Bruce Cameron (Regent): Labor Unions and Workers' Rites. Dilek Kececi (Mersin): Satan as the Machiavellian Hero in Paradise Lost. From Limina, Carol Hoggart (UWA): A Layered Landscape: How the Family Sagas Mapped Medieval Iceland; and Nicholas Blake (ANU): Simmel, Heidegger and the Present Now. An interview with Nassim Nicholas Taleb. The Medium is the Medium: The Internet culture has yet to incorporate the literary culture of traditional bookish learning. Bright Green: A look at the lifecycle of the Post-it note, concrete and toothpaste. From TLS, a review of The World That Never Was: A True Story of Dreamers, Schemers, Anarchists, and Secret Agents by Alex Butterworth. A runner’s survival story sets a course for active-lifestyle journalism online. A review of Hotel: An American History by A. K. Sandoval-Strausz. The Internet’s best media provocateur: Michael Wolff continues to draw scorn from the High Ambassadors of journalism; he doesn’t care what anyone thinks about him (and more). Meet citizen science’s answer to seeks to hook researchers up with members of the general public who want to volunteer for duty in the scientific process. Why do we need Lilith Fair anymore? The Scent of a Man: The subtlety of previous manly scents has been replaced with an overt stench — the rank smell of chemical machismo. What's a little marriage fraud between amigos? It's a felony, sure, but in the absence of real immigration reform, some young, assimilated illegal immigrants see it as their best path to citizenship. A review of The End of the Free Market: Who Wins the War Between States and Corporations? by Ian Bremmer. Check out See the Invisible Hand, connecting Marginal Revolution to Modern Principles of Economics.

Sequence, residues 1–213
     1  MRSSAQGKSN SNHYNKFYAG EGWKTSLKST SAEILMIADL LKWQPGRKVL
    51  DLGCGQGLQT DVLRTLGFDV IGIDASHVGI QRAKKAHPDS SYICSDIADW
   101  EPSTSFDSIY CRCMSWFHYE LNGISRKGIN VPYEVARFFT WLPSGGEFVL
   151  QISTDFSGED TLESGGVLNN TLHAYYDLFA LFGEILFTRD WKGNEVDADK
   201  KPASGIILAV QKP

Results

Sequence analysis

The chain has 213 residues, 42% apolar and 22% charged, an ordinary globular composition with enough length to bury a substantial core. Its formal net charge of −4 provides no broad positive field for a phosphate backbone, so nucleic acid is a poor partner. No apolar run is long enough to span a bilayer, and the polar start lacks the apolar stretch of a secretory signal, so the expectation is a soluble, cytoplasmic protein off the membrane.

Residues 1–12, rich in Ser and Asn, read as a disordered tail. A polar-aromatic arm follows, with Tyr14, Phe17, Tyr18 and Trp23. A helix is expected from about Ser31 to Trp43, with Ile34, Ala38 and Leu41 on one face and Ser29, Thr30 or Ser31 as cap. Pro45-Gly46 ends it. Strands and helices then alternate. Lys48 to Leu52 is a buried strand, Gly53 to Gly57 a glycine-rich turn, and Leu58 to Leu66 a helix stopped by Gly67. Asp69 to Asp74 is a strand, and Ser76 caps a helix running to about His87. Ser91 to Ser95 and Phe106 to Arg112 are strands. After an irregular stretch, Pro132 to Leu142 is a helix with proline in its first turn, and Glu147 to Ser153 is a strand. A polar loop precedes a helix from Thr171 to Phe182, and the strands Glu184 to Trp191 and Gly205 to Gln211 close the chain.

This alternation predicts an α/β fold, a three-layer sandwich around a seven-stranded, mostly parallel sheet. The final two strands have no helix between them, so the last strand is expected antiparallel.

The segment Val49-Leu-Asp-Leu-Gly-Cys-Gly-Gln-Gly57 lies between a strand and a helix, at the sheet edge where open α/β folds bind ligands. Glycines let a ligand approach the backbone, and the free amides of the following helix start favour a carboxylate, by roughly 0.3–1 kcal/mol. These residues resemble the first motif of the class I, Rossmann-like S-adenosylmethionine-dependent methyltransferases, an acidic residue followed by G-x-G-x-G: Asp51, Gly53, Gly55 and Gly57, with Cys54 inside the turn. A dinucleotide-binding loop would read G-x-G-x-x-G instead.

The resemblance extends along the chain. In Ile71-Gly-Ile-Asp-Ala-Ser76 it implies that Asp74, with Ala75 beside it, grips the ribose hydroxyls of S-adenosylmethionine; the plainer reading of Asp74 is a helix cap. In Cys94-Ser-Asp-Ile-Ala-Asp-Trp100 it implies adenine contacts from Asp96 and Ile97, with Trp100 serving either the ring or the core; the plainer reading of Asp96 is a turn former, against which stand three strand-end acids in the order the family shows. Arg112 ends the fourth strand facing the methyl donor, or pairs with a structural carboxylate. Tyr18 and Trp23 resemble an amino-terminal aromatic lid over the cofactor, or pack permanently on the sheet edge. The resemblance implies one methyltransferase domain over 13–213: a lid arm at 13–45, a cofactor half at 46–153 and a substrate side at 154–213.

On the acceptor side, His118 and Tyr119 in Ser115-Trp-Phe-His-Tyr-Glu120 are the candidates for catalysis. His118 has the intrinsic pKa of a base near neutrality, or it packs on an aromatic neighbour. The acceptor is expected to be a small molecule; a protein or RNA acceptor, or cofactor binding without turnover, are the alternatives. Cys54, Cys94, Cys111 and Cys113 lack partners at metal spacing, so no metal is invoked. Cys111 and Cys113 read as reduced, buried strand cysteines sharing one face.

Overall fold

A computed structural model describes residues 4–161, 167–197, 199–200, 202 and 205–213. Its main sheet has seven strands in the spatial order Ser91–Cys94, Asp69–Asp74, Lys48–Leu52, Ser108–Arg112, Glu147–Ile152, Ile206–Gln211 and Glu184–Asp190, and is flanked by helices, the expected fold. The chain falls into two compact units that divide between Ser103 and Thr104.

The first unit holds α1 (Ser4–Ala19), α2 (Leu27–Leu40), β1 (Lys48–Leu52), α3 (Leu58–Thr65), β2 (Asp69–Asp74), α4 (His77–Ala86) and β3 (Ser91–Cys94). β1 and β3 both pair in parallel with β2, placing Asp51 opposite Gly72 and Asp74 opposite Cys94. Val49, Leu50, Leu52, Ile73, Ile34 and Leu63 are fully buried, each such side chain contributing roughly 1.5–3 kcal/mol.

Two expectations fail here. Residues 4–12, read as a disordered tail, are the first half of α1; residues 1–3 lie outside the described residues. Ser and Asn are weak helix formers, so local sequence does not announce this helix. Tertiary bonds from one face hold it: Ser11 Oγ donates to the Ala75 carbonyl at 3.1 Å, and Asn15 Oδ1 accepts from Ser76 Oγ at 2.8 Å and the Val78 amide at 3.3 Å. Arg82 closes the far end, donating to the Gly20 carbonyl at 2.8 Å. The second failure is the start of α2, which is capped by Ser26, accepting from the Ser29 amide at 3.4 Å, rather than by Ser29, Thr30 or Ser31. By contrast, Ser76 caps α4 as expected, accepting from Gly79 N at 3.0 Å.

Scott Woodcock (Victoria): When Will Your Consequentialist Friend Abandon You for the Greater Good? Emrys Westacott asks a probing question. David S. Oderberg (Reading): Why I am not a Consequentialist. Rouven J. Steeves (USAFA): Deadly Nothingness: A Meditation on Evil. Alan Wolfe reviews On Evil by Terry Eagleton. A review of Dick Bernstein's Radical Evil: A Philosophical Interrogation. A review of The Abuse of Evil: The Corruption of Politics and Religion since 9/11 by Richard J. Bernstein. Enigma of the Will: G.T. Roche on Sade’s psychology of evil. A review of The Apologetics of Evil: The Case of Iago by Richard Raatzsch. A review of Law and Evil: Philosophy, Politics, Psychoanalysis. James Schall on how philosophical reasoning must deal with those "who become extremely wicked". Is the pope a philosopher? For Benedict, relativism is the root of all evil, a force tending towards chaos and destruction. A new solution to the problem of evil: A psychological paper which claims to explain the religious account of evil is troublingly simplistic. Edward Feser on why Judeo-Christianity is necessary for human rights. Reading Philosophy in Tehran: Ramin Jahanbegloo on how tyranny makes philosophy more necessary. Does surveillance make us morally better? The roots of moral courage: Why do some people risk their lives to help others? Simon Blackburn reviews of Would You Eat your Cat? Key Ethical Conundrums and What They Tell You about Yourself by Jeremy Stangroom. Philosophers are helping doctors with dilemmas over life-and-death decisions. Counsel of despair: Julian Baggini assesses the mental health of philosophical counselling. Perennial philosophy: Is there an eternal truth that we keep on discovering — whether it's a "divine reality" or something better formulated in another way?